The general idea behind our massively unsuccessful Unlikely Lads series is that it’s an opportunity to look back at a career that never quite took off but still managed to catch our attention, usually in the form of providing us with, according to the young person’s vernacular, lolz. Whether that was because they couldn’t bowl a hoop downhill, were selected as a joke or were a bit of a fatso, the end result was always the same: a complete lack of international recognition.
Of course, there are exceptions to every rule. In this case it was one Liam Edward Plunkett. Of course, we knew exactly what we were doing here. Firstly, we gave him a bit of a gentle goading to raise him from his mid-career slump. Then, when he started to actually bowl properly again, we pushed for his international recall. The selectors – no doubt avid readers of our articles – took the hint and recalled him. Mission accomplished.
And so, having overseen the rebirth of Plunkett, along with the rise of #Devereux of course, today we set ourselves a new challenge: masterminding the return to the top of one
Of course, this is probably the point when we should make it clear that there is literally zero chance of Luke Wright ever getting anywhere near international cricket ever again. Much as we love him and his waddle to the crease, we don’t think Trevor Bayliss is quite such an avid fan of 51allout as his predecessors, given that he completely ignored our calls to replace Jonny Bairstow in the Test squad with a more experienced pair of hands, such as Alan Knott or Jack Russell.
For Wright then, it’s time to reflect on his many achievements in the game: there was that time he won the World T20, his excellent Big Bash performances and that time he was officially 12th man for a Test series, an accolade that no-one will ever be able to take away. Although we’re not sure exactly why they would want to.
Our hero’s close shave with Test cricket came back in 2009, when England toured South Africa. To some this series will always be remembered for Graeme Onions saving two Tests with England nine wickets down in the second innings; for us it’s the series in which Wright carried the drinks beautifully, only missing out on Test selection when the prospect of him batting at number seven and being a fourth seamer (a ‘Flintoff-lite’ according to Cricinfo) proved just too damn exciting, the selectors opting for the rather more prosaic charms of Ian Bell instead.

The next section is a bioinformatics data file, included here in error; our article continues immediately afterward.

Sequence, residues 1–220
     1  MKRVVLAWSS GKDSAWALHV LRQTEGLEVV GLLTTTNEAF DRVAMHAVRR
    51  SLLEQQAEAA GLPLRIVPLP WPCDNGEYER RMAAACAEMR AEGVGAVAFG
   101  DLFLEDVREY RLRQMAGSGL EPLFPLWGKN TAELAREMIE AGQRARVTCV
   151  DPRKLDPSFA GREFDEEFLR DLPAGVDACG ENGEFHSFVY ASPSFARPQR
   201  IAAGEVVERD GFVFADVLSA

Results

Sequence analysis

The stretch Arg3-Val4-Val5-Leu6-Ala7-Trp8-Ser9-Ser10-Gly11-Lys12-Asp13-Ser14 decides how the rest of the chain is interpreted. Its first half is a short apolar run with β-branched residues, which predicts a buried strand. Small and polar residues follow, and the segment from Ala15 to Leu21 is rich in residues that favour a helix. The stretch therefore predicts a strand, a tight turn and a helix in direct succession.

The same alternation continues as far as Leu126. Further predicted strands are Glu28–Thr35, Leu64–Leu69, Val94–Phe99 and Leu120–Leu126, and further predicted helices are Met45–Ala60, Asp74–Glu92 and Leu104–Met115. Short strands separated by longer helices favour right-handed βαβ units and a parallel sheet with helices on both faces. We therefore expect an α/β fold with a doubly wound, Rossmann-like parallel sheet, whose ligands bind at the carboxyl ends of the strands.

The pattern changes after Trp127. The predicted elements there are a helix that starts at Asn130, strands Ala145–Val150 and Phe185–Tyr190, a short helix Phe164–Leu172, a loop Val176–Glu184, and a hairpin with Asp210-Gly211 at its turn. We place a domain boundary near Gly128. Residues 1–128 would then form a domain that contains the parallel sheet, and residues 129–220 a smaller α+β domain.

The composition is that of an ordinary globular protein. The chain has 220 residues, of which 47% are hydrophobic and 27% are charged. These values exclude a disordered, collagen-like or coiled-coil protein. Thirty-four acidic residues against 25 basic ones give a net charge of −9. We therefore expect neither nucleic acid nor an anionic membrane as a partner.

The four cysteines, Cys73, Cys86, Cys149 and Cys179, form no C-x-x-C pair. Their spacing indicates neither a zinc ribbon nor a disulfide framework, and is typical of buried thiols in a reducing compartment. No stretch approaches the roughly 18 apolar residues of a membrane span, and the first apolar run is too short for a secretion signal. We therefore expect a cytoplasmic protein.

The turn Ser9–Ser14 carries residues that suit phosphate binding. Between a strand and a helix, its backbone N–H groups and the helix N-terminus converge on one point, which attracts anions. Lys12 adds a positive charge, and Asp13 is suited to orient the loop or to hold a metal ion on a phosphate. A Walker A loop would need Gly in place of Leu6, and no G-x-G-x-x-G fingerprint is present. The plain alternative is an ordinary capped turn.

Unfortunately for Wright, the six batsmen/four bowlers setup worked rather well and became the template for the following few years for England. There was simply no place for an allrounder who waddled into the crease like a Vauxhall Corsa pulling away from the lights in fourth gear. Instead he had to settle for being a part of England’s ODI side, playing 50 matches while taking just 15 wickets (at 58.93) and reaching fifty only twice – once on debut – with a top score of 52 and an average of just over 20. Inspiring numbers, even by the standards of English ODI rubbishness of the the 21st century.
Despite generally haring around the field like a Labrador chasing an errant tennis ball, Wright unsurprisingly failed to properly nail down a spot in the fifty over game. Which left T20, the format of the game best suited to his ‘see ball, hit ball, chase ball, fetch!’ style. And it’s here that we first decided that he was actually one of our favourite players of all time, with our Luke proudly representing Pune Warriors, back when we used to pretend that we actually gave a shit about the most corrupt sporting competition in the world. Apart from athletics.
As well as starring in the Big Bash for the Melbourne Stars and being part of England’s successful World T20 campaign in 2010, Wright also very nearly became the first English player to hit a century in the format, ending up stranded on 99* against Afghanistan in 2012. And yet his international career again ended in the doldrums, a run of poor scores in 2014 bringing the curtain down and sending Wright back to domestic cricket, where he’s done pretty well for Sussex, scoring more than 1,200 runs in this year’s county championship.
So why do we have such fondness for Luke Wright? Lots of reasons – he played for Pune, he was always enthusiastic, his bowling inevitably made us laugh – but mainly because, despite his best efforts, he just wasn’t quite good enough for international cricket. And in the 51allout bumper book of great things to be, that’s right up there with gin producers, sexy pole vaulters and Steven Peter Devereux Smith.